Seventeen Theses for a Mindful City
PART ONE: SOLVING THE CITY’S PROBLEMS
1. Recognizing Abundance
The many decisions by countless decision makers that give shape to our cities are almost always taken in a restrictive, politicized and competitive atmosphere that over-emphasizes strategic advantage, conflict and scarcity. Quieting the mind through mindfulness practice can bring an energy of calm, ease, abundance, cooperation and joy into the decision-making process.
2. Forces that Don’t Meet the Eye
Planners, legislators, community leaders and citizens regularly define and attempt to solve problems without taking in all the available data. As systems scientist Peter Senge writes “in every setting from working teams to organizations to larger social systems there is much more going on than meets the eye… We do not attend to the subtle forces shaping what appears because we are too busy reacting to these forces. We see problems, then ‘download’ our established mental models to both define the problems and come up with solutions”. (1) By practicing mindfulness, we can reduce our reliance on established mental models and tune into the unseen and unspoken forces of the social field.
3. Language that Connects
Jargon and technical language are a common cause of disconnect between different stakeholders. They tend to block a heart-to-heart connection and reinforce feelings of inequality in the group. University of British Columbia Planning Professor Leonie Sandercock asks the question: “Why do we have all these sterile terms for describing what it is that we do? We talk about the rational comprehensive approach, the communicative approach, the political economy approach, the institutional approach, the modernist, the postmodern, making ourselves as a profession incomprehensible to those who live, love, and struggle in cities. Perhaps we need a different way of talking about planning, at the heart of which is the human spirit in its everyday struggle to make meaning and create a better world.” (2) Mindfully tending to our inner experience with openness and acceptance can help us locate a deeper, heartfelt language to grace our professional dialog.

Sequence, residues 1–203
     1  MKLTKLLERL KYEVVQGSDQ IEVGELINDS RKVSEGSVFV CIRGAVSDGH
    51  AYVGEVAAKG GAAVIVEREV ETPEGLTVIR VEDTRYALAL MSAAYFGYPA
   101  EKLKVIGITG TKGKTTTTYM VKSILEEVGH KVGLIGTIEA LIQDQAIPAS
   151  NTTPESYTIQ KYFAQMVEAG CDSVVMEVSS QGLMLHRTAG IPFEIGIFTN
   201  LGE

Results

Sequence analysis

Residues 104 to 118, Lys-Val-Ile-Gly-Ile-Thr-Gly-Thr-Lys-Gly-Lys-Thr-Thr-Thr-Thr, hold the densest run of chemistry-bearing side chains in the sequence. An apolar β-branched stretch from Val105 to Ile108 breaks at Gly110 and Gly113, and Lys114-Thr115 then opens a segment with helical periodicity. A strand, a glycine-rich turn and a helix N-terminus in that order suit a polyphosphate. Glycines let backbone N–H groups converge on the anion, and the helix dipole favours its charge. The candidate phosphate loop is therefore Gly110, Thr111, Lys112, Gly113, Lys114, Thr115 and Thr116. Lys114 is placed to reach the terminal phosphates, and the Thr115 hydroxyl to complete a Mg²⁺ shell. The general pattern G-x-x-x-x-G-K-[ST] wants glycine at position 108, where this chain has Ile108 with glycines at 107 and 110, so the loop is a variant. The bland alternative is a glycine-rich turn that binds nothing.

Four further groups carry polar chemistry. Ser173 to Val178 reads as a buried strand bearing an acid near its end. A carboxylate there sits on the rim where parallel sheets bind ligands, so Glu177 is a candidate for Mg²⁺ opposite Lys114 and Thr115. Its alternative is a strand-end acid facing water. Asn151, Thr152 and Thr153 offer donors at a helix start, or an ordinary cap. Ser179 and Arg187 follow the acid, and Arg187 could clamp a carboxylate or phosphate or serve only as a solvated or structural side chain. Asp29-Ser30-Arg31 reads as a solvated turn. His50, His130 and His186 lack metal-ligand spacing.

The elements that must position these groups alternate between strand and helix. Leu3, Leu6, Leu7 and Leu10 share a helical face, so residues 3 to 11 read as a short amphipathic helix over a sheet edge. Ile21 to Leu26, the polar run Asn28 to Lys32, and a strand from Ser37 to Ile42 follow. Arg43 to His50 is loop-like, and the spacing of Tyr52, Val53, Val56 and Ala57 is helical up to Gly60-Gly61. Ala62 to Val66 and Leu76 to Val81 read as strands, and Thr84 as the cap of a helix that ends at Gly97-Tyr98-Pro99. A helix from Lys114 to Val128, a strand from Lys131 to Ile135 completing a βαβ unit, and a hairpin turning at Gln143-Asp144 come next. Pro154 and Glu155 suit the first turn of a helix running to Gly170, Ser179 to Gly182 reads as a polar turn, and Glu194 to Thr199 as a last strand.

4. Operating at Higher Levels of Wisdom
Many persistent problems facing urban communities are what the economist E.F. Schumacher has called “divergent problems,” i.e., problems that cannot be solved by rational means alone because well-meaning people can disagree on what constitutes a “good solution.” Divergent problems pop up regularly in transportation design, economic development, housing policy, law enforcement, and environmental justice. Ecologist David Orr writes that such problems “can be resolved only by higher methods of wisdom, love, compassion, understanding and empathy.” (3) Mindfulness practice is a powerful means for individuals and communities to access such higher methods and transcend habitual ways of looking at the world.
5. Coherence and Minimizing Unintended Results
Mindful exchange among community members is characterized by deep listening and deepening understanding. It gradually allows a group’s collective intelligence to emerge and leads to a more coherent approach to reality. In the words of quantum physicist and social thinker David Bohm, “if we can have a coherent approach to reality, then reality will respond coherently to us… we will produce the results we intend rather than the results we don’t intend.” (4)
6. Learning from the Future
MIT Professor Otto Scharmer distinguishes between two types of learning: Learning from the past and learning from the emerging future. According to Scharmer, the latter type is more important in today’s economic and social climate because our fundamental problems, as Albert Einstein has famously observed, cannot be solved from the mindset that created them. To access the not-yet-embodied experience from the future and learn from it, Scharmer proposes a process called “presencing” (from “present” and “sensing”) where we apply mindful non-judging attention in order to create an opening in our minds, hearts and wills. “This holistic opening,” says Scharmer, “constitutes a shift in awareness that allows us to learn from the future as it emerges and to realize that future in the world.” (5)
(1) From the Foreword to Theory U–Leading from the Future as it Emerges by Otto Scharmer. Berrett Koehler Publishers. 2009.
(2) Spirituality and the Urban Professions: The Paradox at the Heart of Planning. Planning Theory and Practice, March 2006.
(3) Four Challenges of Sustainability. Conservation Biology, December 2002.
(4) Wholeness and Fragmentation. 1990. https://www.youtube.com/watch?v=hfHzfonAgX4
(5) Otto Scharmer http://www.ottoscharmer.com/publications/books